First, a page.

Practical Electricity: A Laboratory and Lecture Course for First Year Students of Electrical Engineering, Based on the International Definitions of the Electrical Units, Volume 1

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Cassell, limited, 1897 - Electricity - 643 pages
 

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Contents

Experiinent for Calibrating à Galvanometer Relatively or Absolutely
12
Graphically Recording the Results of an Experiment
13
Practical Value of Drawing Curves to Graphically Record the Results of Experiments
14
To Construct a Galvanometer Scale from which the Relative
15
Strengths of Currents can be at once Ascertained 39
24
SECTION PAGE
53
The Potential of a Body Depends Partly on its Position
60
GALVANOMETERS AND AMMETERS
63
Distribution of Magnetism in a Permanent Magnet 17 Magnetic Poles 18 Why Magnetic Needles tend to Point North and South
67
Why a Galvanometer Needle has a Given Deflection for a Given Current
69
Mapping out Lines of Force
71
Comparing the Relative Strength of the Different Parts of a Magnetic Field
79
Tangent Galvanometer
83
SECTION PAGE 24 Scale for a Tangent Galvanometer
87
Tangent Law 26 Variation of the Sensibility of a Tangent Galvanometer with
91
the Number of Windings and with the Diameter of the Bobbin
95
Values in Amperes of the Deflections of a Tangent Galvano meter controlled only by the Earths Magnetism
102
Magnetometer 29 Calibrating any Galvanometer by Direct Comparison with
107
a Tangent Galvanometer
108
Pivot and Fibre Suspensions
110
Sine Law
111
Employment of the Sine Principle in Galvanometers
118
Construction of Galvanometers in which the Angular Deflec tion is directly Proportional to the Current
124
Galvanometers of Invariable Sensibility
127
Permanent Magnet Ammeter
130
Adjusting the Coil of a Tangent Galvanometer 69
132
71
135
Gravity Control Ammeters
138
Moving Coil Ammeters
144
Moving Coil Ammeter with Magnetic Control
150
CHAPTER III
152
and Negative Potentials
160
Electrometer
162
Ohms Law
167
Resistance
172
Ohm
173
Volt
174
Current Method of Comparing P Ds
176
all Points Inside a Closed Conductor
197
Voltmeters must be Enclosed in a Conducting Case
198
The Potential of a Conductor
200
CHAPTER IV
232
Increase of the Main Current Produced by Applying a Shunt
298
Method of Constructing a Universal Shunt Box and
304
Heat Produced by a Current
318
Power
325
Commercial Forms of Wattmeters
331
Motor Form
341
Board of Trade Unit of Energy
349
Power Developed by a Current Generator
358
GALVANIC CELLS
360
Connection between the E M F of a Battery the P D
364
Power Absorbed in the Circuit Exterior to the Generator
370
A Current Generator may Abstract Energy from a Circuit
381
Arrangement of Part of the External Circuit to Receive
393
Efficiency
404
Connection between Electrical Efficiency of Transmission
412
TYPES CONSTRUCTION CHEMICAL ACTION RELATIVE ADVANTAGES
418
Local or Prejudicial Action
428
Bunsens Cell
443
Leclanché Cell
449
Dry Cells
457
Clarks Cell
466
Temperature Variation of the E M F of the Clarks Cell
475
Cost of Producing
482
Measuring a Cells Resistance when Very Small
492
Remarks on the Preceding Methods of Measuring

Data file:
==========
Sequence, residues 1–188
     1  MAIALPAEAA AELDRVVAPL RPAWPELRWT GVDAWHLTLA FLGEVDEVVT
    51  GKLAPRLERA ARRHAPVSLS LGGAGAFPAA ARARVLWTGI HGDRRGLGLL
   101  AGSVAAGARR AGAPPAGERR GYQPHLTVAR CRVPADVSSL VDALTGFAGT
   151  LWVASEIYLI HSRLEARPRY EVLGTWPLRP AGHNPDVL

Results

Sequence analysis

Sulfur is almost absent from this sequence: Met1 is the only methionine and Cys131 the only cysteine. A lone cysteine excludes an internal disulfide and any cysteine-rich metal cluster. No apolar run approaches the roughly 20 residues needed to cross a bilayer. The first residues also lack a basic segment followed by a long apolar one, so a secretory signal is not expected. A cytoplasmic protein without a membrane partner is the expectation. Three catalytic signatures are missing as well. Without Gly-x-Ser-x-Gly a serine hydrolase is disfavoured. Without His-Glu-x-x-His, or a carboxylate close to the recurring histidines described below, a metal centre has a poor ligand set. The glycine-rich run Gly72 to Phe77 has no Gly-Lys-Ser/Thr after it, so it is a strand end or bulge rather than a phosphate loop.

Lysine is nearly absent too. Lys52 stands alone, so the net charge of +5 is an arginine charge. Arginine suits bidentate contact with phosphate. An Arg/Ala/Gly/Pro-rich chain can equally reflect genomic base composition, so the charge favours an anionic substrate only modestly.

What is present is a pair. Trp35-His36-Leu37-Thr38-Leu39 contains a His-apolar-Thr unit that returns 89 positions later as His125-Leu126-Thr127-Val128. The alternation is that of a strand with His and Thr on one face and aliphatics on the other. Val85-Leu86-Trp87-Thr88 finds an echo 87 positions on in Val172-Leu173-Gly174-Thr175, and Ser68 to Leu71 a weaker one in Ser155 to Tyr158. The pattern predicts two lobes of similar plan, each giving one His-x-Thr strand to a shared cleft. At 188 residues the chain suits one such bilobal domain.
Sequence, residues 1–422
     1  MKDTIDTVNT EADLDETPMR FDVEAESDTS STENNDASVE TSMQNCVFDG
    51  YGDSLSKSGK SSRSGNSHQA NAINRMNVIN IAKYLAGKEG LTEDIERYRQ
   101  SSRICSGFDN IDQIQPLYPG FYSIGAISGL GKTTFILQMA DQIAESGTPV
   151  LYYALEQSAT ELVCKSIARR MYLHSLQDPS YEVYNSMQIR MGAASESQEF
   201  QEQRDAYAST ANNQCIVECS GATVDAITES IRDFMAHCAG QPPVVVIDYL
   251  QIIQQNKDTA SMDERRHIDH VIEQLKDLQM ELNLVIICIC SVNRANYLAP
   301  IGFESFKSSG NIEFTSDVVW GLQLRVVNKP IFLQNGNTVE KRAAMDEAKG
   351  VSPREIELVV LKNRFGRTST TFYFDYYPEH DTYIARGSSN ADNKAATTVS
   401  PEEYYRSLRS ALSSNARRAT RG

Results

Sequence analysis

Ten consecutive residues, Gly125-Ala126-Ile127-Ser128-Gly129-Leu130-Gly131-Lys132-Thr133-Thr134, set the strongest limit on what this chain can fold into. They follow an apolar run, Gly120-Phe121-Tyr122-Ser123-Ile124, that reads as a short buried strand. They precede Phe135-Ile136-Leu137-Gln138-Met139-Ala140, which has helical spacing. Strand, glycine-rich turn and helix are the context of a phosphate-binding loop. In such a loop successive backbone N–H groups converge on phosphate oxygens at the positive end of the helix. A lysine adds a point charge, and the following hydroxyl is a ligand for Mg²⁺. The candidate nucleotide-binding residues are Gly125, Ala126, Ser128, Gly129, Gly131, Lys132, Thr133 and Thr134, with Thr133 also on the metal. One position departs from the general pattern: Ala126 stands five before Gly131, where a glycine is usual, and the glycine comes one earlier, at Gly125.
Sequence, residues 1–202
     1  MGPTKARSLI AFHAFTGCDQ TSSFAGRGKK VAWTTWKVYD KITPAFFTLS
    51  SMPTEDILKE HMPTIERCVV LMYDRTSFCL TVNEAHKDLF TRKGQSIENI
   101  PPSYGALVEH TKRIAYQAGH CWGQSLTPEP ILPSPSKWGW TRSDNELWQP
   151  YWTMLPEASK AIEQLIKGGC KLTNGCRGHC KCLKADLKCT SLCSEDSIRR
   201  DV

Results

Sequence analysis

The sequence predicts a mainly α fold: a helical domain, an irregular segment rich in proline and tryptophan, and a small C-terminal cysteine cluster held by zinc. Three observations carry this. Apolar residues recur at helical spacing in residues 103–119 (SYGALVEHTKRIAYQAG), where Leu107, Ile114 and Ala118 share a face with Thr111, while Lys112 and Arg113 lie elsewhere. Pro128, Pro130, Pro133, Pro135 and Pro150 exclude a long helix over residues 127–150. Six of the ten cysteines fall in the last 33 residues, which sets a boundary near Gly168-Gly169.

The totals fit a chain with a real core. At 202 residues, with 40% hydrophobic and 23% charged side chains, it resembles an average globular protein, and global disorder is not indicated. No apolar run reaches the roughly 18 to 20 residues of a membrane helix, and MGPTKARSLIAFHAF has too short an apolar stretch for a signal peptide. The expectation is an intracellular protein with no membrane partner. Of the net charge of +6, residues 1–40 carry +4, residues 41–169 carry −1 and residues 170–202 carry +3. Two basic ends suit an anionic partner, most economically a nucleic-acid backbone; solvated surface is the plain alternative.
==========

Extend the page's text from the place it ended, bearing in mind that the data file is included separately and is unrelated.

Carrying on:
498
Poggendorffs Method of Comparing Electromotive Forces
507
Fosters Method of Subdividing a Wire into Lengths having
513
Use of a Clarks Cell and a Known Resistance as a Standard
519
Independence of Currents in Parallel Circuits
525
Arrangements of Cells
536
Arrangement of a Given Number of Cells to produce
545
Arrangement of Circuit requiring the Minimum Number
555
Minimum Number of Cells Required to Produce a Given
560
Magnetic Lines of Force Diagrams II The Preparation and Use of Silk for Galvanometer
565

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Page 591 - Ampere, which is one-tenth of the unit of current of the CGS system of electromagnetic units and which is represented sufficiently well for practical use by the unvarying current which, when passed through a solution of nitrate of silver in water, in accordance with a certain specification, deposits silver at the rate of 0.001118 of a gramme per second.
Page 585 - As a unit of resistance, the international ohm, which is based upon the ohm equal to 10" units of resistance of the CGS system of electromagnetic units, and is represented by the resistance offered to an unvarying electric current by a column of mercury at the temperature of melting ice, 14.4521 grams in mass, of a constant cross-sectional area and of the length of 106.3 centimetres.
Page 587 - ... the electromotive force that, steadily applied to a conductor whose resistance is one international ohm, will produce a current of...
Page 586 - The unit of current shall be what is known as the international ampere, which is one-tenth of the unit of current of the centimeter-gramsecond system of electro-magnetic units, and is the practical equivalent of the unvarying current, which, when passed through a solution of nitrate of silver in water in accordance with standard specifications, deposits silver at the rate of one thousand one hundred and eighteen millionths of a gram per second.
Page 466 - ... carefully removing any loose pieces of the zinc. Just before making up the cell dip the zinc into dilute sulphuric acid, wash with distilled water, and dry with a clean cloth or filter paper.
Page 466 - Mix the washed mercurous sulphate with the zinc sulphate solution, adding sufficient crystals of zinc sulphate from the stock bottle to ensure saturation, and a small quantity of pure mercury. Shake these up well together to form a paste of the consistence of cream. Heat the paste, but not above a temperature of 30° C.

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